Training in Emergency Medicine
Emergency Medicine is a field of practice based on the knowledge and skills required for the prevention, diagnosis and management of acute and urgent aspects of illness and injury affecting patients of all age groups with a full spectrum of undifferentiated physical and behavioural disorders (International Federation of Emergency Medicine). It further encompasses an understanding of the development of pre-hospital and in-hospital emergency medical systems and the skills necessary for this development.
The most recent edition of the Guide to Emergency Medicine Training in Ireland (5th Edition) was published in October 2011.
As part of current Medical Council obligations, all doctors not on recognised Training Schemes must be part of a recognised Professional Competence Scheme. Click for details of the PCS for Emergency Medicine.
Emergency Medicine (EM) training in Ireland is divided into two components, both of which are overseen by the Irish Committee on Emergency Medicine Training (ICEMT):
Basic Specialist Training in Emergency Medicine (BSTEM)
Basic training in EM consists of a series of relevant posts at Non Consultant Hospital Doctor (NCHD) level that lay the professional groundwork for subsequent specialisation. During this time, doctors obtain a wide range of experience in a variety of specialties, of which a minimum of 12 months must be spent in EM. A further 12 months must be in specialties relevant to EM e.g. acute general medicine/geriatrics, paediatric emergency medicine or general paediatrics, general surgery, trauma & orthopaedic surgery, anaesthesia and critical care medicine.
Whereas previously, most basic trainees will have gained the relevant experience through a combination of stand alone posts, a minority will have been part of "employer driven" basic EM schemes e.g. St. James's Hospital, St. Vincent's University Hospital schemes. Since July 2011, a national Basic Specialist Training in Emergency Medicine (BSTEM) Scheme is in place which has incorporated those posts currently part of "employer driven" schemes. The scheme is of 3 years duration and incorporates training in EM, paediatric EM, acute medicine, anaesthesia & critical care and musculoskeletal EM/trauma & orthopaedic surgery/plastic surgery. There will be up to 26 posts available annually with a total of 78 trainees on the national programme at any one time.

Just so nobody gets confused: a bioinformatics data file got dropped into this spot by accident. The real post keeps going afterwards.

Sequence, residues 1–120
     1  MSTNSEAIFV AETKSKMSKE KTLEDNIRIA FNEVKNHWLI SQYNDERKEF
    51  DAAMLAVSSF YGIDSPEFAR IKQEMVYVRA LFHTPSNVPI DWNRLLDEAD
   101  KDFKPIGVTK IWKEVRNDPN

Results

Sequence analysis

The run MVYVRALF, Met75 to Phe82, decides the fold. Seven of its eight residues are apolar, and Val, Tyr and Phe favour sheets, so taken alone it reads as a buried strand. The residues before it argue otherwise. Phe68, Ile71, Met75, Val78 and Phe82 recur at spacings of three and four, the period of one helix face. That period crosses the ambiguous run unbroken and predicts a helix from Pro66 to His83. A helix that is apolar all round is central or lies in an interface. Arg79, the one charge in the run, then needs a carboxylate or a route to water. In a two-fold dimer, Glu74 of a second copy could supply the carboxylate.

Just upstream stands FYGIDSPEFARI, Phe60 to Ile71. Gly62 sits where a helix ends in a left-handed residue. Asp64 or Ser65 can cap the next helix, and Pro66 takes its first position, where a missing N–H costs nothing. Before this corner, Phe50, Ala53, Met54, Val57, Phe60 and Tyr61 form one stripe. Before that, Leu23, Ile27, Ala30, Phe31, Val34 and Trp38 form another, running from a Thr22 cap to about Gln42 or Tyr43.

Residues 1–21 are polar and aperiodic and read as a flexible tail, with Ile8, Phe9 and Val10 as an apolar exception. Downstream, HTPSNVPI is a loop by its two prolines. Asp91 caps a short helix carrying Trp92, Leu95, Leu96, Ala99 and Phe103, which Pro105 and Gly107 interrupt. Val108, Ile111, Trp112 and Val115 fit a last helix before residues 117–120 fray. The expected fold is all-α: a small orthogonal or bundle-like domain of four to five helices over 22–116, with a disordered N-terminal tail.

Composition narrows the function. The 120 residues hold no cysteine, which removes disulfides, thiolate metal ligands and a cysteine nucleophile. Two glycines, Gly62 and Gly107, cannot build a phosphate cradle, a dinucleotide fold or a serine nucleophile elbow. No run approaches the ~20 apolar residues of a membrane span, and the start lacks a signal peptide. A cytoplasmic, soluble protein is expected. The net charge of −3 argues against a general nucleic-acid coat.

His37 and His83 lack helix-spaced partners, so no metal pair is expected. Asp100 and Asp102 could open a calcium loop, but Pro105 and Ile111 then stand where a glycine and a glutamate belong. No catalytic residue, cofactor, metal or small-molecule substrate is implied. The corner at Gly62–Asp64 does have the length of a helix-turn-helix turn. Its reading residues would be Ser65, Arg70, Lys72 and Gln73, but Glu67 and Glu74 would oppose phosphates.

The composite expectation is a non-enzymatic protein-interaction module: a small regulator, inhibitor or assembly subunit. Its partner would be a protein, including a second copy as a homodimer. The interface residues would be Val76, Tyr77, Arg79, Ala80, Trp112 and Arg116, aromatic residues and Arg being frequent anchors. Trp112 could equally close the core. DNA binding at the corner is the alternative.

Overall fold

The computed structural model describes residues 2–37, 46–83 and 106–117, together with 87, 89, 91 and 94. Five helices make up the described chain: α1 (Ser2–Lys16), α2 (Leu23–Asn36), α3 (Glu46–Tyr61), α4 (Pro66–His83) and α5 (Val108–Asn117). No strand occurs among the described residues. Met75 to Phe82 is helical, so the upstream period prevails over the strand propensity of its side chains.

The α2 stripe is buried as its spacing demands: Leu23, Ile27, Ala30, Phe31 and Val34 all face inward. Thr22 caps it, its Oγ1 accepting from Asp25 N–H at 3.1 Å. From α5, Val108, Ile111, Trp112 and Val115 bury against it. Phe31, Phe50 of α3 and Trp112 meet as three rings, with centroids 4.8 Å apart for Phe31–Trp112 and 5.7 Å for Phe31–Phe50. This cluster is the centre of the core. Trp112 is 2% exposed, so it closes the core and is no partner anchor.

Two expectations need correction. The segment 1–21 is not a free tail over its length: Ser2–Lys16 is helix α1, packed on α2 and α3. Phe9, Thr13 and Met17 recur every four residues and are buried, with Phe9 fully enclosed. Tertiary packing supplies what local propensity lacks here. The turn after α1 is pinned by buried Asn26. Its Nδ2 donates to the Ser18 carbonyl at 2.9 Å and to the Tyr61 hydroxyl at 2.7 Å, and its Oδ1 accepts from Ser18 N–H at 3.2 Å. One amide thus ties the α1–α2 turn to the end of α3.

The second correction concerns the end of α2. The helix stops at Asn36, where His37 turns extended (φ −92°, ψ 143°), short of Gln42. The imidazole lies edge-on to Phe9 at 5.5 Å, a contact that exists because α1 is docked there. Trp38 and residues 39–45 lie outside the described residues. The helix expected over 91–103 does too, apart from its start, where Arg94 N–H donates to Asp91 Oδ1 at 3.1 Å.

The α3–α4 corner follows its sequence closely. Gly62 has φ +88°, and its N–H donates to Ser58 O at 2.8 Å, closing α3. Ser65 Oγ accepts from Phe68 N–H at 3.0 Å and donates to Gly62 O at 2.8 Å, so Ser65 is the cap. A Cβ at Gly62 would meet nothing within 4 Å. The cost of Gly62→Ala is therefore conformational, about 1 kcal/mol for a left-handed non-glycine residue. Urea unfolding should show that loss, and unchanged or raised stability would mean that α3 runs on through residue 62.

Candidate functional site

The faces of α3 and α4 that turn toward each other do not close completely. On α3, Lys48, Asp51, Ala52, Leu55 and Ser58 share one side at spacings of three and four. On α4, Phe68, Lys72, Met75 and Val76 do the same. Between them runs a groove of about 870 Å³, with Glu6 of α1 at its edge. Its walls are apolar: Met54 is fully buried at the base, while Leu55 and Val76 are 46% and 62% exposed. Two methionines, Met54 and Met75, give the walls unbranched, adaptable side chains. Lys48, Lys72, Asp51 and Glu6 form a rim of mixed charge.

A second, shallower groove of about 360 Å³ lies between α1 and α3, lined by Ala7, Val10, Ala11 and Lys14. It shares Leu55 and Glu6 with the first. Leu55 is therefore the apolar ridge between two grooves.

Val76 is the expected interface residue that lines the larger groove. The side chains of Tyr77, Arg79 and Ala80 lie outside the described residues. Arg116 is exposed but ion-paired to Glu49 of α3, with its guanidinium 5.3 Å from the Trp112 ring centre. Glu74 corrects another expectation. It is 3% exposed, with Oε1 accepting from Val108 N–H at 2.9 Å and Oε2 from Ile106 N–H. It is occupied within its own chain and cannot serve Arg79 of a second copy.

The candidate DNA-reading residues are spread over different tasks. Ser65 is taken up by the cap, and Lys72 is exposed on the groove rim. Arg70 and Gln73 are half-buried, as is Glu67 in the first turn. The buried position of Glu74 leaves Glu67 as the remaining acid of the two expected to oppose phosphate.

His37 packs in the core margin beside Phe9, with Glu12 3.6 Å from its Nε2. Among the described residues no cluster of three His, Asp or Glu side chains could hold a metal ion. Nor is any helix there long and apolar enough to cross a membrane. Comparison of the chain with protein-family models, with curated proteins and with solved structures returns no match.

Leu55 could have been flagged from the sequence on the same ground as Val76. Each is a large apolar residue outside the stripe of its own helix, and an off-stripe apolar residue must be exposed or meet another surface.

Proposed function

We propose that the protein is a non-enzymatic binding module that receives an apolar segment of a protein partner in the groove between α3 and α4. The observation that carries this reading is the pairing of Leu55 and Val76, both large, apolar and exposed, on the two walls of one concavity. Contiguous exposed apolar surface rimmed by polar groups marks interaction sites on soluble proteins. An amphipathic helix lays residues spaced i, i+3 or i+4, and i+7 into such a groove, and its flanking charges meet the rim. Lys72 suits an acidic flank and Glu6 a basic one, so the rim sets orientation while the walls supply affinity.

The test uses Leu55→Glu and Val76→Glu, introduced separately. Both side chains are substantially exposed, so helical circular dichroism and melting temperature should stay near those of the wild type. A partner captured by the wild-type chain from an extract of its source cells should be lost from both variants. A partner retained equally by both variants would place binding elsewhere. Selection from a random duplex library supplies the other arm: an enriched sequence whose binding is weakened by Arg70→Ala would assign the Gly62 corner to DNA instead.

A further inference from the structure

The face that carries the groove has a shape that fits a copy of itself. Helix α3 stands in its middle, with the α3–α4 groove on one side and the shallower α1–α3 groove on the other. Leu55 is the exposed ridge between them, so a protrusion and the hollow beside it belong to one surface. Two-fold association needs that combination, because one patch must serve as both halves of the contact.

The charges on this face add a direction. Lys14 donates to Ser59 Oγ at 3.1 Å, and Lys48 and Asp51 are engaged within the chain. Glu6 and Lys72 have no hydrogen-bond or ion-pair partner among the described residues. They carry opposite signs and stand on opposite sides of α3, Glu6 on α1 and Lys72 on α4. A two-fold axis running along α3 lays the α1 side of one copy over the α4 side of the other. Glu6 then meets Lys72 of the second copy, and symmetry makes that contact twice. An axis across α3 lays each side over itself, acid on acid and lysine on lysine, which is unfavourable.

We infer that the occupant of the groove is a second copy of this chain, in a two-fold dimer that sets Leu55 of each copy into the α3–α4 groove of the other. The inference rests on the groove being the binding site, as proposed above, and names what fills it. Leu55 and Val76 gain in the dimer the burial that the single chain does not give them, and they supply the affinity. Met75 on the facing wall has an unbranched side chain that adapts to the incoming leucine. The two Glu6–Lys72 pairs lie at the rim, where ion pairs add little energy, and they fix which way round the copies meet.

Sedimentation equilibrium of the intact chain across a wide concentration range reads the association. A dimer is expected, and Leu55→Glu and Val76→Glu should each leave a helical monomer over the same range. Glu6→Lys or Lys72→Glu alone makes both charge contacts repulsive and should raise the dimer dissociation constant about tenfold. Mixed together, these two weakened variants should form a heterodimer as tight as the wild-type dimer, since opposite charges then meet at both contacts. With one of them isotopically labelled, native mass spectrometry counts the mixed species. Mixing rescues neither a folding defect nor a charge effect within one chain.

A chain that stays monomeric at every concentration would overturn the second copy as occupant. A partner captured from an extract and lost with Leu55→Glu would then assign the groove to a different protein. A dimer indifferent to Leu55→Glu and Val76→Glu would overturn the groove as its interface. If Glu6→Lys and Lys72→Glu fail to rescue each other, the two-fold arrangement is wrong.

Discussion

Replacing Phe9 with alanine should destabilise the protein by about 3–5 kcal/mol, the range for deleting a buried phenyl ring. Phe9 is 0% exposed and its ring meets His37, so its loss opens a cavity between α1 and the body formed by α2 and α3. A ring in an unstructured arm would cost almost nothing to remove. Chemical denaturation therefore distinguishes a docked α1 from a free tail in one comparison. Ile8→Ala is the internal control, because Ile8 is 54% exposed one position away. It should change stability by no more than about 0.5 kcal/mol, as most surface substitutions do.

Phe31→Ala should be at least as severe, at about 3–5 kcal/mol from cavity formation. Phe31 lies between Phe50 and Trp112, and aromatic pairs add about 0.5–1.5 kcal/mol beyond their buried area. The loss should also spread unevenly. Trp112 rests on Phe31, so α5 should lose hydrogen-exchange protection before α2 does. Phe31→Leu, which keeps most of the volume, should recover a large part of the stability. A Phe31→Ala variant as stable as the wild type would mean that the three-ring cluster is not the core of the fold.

BSTEM will culminate in eligibility to sit the Membership of the College of Emergency Medicine (MCEM). Success in this examination combined with certified completion of BSTEM confers eligibility to apply for HST.
Higher Specialist Training in Emergency Medicine (HSTEM)
The following EDs are currently recognised for HSTEM:
The duration of HSTEM is five years. During this time trainees spend time working in a minimum of three EDs (at least six months in a dedicated paediatric ED) and up to six months in the essential secondment of anaesthesia/ICU. Some retrospective recognition may be granted for experience in EM and in certain secondment specialties prior to entering HSTEM. While this may reduce the overall duration of HSTEM, the minimum requirement is that trainees spend four years on the HSTEM programme working in general EDs.
Subspecialty Training in Emergency Medicine
For further detail on subspecialty/fellowship training in EM, please see the Guide to EM Training in Ireland.
IAEM and ICEMT have recently published a guidance document on the subspecialty of Paediatric Emergency Medicine, which contains essential information about training pathways in PEM.
|Last Updated on Tuesday, 07 August 2012 18:49|